Here I Am, Send Me

This season, in our lives, is one of shifting times on multiple fronts. We’re facing developments professionally and personally.  The boys are changing and growing. Aiden has fully embraced the terrible 2’s.

We are riding the waves of life. In these moments it can be a challenge to keep focused and not get frustrated.

here i am, send me...

Every moment I first sit at the keyboard, I send up a silent prayer.

Please let the words make a difference and let me never forget to tell my story.

I was seated in the office of County Commissioner Christian Leinbach the other morning.  I asked him about his motivations and background as a government official who is also a believer.  He quoted a pair of verses from Proverbs 31:

Speak up for those who cannot speak for themselves,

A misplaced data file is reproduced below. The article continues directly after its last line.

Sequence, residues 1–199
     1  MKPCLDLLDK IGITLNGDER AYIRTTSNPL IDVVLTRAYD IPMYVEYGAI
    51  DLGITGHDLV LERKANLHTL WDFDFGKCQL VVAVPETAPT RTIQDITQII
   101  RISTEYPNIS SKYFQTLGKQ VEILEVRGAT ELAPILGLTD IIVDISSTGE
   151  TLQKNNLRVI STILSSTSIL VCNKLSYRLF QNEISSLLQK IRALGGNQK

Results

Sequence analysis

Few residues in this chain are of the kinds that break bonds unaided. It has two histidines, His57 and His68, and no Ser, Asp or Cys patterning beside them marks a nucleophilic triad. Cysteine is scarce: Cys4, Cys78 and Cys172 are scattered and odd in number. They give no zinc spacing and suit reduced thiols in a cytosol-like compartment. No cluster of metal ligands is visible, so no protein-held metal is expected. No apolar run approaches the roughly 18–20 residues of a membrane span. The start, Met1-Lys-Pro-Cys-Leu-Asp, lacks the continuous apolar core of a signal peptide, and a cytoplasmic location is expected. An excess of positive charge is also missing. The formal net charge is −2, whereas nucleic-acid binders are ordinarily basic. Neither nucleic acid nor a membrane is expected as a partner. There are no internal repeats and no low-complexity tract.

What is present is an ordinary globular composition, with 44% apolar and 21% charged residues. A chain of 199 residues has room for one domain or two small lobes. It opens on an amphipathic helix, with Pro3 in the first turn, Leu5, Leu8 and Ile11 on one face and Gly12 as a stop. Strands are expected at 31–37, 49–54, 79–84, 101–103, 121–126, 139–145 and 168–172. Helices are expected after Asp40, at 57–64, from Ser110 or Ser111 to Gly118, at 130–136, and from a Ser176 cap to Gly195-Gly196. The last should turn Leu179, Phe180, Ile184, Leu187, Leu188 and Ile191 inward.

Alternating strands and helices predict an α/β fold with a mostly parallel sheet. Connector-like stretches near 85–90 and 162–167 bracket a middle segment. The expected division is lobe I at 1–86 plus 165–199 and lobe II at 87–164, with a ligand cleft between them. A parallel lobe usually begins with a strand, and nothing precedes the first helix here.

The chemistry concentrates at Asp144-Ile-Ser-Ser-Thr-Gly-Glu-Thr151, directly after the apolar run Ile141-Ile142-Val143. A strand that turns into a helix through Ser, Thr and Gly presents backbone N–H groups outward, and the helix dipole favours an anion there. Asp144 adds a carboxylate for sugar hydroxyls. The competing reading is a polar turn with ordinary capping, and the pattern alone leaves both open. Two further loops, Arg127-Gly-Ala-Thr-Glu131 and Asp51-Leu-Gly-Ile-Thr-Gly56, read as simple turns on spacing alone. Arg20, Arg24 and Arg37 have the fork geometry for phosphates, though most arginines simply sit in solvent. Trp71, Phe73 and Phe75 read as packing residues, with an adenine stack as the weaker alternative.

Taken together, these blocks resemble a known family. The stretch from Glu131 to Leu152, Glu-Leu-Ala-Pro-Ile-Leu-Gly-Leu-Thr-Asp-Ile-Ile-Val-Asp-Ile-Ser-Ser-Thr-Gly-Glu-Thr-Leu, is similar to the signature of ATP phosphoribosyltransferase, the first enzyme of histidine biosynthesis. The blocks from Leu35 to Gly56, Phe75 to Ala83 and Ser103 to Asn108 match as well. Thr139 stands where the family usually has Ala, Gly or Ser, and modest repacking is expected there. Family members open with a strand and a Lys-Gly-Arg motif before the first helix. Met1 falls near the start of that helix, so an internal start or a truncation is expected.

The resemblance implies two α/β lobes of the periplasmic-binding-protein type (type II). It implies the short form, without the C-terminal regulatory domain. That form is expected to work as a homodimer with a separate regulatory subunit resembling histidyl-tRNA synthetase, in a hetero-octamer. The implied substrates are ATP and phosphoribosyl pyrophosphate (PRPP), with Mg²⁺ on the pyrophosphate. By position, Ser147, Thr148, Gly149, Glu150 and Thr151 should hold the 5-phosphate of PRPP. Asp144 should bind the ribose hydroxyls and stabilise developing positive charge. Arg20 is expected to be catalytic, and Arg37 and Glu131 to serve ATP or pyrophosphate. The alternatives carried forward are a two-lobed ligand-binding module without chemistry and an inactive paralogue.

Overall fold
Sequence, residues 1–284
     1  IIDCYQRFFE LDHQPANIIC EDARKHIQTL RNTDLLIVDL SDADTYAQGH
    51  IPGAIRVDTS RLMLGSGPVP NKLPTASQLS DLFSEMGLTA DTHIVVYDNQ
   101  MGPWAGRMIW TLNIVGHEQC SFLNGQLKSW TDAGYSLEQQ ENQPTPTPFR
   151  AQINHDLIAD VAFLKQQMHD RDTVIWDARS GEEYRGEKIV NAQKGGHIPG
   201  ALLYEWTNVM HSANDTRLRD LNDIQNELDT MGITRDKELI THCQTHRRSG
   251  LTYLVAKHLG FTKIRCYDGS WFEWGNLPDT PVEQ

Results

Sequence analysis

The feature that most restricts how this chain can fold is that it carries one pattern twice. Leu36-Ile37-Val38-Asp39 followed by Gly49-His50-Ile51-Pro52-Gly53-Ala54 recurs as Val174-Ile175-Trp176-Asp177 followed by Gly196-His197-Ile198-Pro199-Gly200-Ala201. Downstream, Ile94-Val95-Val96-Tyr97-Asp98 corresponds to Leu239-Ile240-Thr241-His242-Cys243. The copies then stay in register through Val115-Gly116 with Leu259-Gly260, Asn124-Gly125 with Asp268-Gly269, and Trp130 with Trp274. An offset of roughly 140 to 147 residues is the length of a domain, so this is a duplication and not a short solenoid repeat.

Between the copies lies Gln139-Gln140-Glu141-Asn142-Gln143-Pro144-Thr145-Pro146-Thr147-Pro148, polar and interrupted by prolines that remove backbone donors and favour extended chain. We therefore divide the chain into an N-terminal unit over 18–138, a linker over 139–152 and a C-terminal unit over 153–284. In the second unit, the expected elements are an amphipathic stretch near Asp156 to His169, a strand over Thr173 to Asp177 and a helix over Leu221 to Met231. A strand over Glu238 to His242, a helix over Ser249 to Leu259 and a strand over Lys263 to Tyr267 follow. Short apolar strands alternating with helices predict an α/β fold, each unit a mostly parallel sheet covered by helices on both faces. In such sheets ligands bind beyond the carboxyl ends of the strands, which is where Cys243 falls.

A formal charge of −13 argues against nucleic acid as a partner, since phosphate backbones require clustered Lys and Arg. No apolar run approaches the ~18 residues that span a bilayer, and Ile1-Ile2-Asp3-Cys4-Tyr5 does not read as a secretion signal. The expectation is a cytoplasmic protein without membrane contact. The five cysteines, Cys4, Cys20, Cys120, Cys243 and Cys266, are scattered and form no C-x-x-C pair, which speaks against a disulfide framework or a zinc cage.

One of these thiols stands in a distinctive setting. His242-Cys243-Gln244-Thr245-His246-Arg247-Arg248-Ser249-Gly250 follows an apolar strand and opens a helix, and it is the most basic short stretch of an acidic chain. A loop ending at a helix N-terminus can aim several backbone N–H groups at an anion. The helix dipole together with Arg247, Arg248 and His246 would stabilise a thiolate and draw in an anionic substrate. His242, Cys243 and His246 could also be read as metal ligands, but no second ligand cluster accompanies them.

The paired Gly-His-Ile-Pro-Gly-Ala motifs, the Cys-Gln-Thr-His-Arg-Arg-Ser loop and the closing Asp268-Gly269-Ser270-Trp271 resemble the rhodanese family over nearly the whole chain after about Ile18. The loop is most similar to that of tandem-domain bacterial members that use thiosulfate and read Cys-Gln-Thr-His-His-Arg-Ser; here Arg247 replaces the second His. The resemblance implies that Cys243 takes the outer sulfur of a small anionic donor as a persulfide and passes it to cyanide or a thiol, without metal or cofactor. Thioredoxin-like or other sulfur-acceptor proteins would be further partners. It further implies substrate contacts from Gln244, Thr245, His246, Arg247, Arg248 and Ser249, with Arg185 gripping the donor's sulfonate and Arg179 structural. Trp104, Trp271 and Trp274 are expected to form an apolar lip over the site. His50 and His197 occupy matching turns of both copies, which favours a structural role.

for the rights of all who are destitute.
Speak up and judge fairly;
    defend the rights of the poor and needy.

Everyone deserves a voice at the table, even if they can’t speak.  Our job as writers is to give them voice and let their words take flight.  We are tasked with making words that change things, whether it is inspiring our spouse, children, coworkers, or the public.

Those of us who are genuine do it to make a difference, they do it in the dark nights before selling a single copy or putting a single page in front of a reader and waiting for their response.

We also must remember that our story is our own. The gut instinct is to find value in comparisons. The secret is, they don’t matter.  You were given a story to tell. It is different from every other one on the planet.  When you try to change your story to fit a different one, you lose authenticity.

In the uncertain and tumultuous times, you press on.  Raise your hand in the static. Answer the calling.

Go forward.

Pressure is progress. Change is good. The future will be here before we open our eyes to recognize it.

Don’t miss your chance.